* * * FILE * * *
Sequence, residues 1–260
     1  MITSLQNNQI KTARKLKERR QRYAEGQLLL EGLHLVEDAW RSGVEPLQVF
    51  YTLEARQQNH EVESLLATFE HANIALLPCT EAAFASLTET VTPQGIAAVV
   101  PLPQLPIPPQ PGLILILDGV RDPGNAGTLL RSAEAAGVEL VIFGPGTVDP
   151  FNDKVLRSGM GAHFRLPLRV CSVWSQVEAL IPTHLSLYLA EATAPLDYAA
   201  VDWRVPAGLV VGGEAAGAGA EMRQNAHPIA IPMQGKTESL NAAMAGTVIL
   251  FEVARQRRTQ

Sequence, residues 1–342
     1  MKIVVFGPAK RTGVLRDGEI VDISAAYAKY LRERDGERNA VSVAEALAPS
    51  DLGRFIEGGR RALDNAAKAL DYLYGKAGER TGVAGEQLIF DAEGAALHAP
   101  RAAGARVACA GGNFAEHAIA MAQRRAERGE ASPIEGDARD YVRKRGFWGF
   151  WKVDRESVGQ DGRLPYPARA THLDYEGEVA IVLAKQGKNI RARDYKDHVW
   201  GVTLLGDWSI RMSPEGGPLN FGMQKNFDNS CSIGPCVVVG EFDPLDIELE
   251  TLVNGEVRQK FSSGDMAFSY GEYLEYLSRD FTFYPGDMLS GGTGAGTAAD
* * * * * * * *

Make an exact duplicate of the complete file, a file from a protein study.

Sequence, residues 1–260
     1  MITSLQNNQI KTARKLKERR QRYAEGQLLL EGLHLVEDAW RSGVEPLQVF
    51  YTLEARQQNH EVESLLATFE HANIALLPCT EAAFASLTET VTPQGIAAVV
   101  PLPQLPIPPQ PGLILILDGV RDPGNAGTLL RSAEAAGVEL VIFGPGTVDP
   151  FNDKVLRSGM GAHFRLPLRV CSVWSQVEAL IPTHLSLYLA EATAPLDYAA
   201  VDWRVPAGLV VGGEAAGAGA EMRQNAHPIA IPMQGKTESL NAAMAGTVIL
   251  FEVARQRRTQ

Sequence, residues 1–342
     1  MKIVVFGPAK RTGVLRDGEI VDISAAYAKY LRERDGERNA VSVAEALAPS
    51  DLGRFIEGGR RALDNAAKAL DYLYGKAGER TGVAGEQLIF DAEGAALHAP
   101  RAAGARVACA GGNFAEHAIA MAQRRAERGE ASPIEGDARD YVRKRGFWGF
   151  WKVDRESVGQ DGRLPYPARA THLDYEGEVA IVLAKQGKNI RARDYKDHVW
   201  GVTLLGDWSI RMSPEGGPLN FGMQKNFDNS CSIGPCVVVG EFDPLDIELE
   251  TLVNGEVRQK FSSGDMAFSY GEYLEYLSRD FTFYPGDMLS GGTGAGTAAD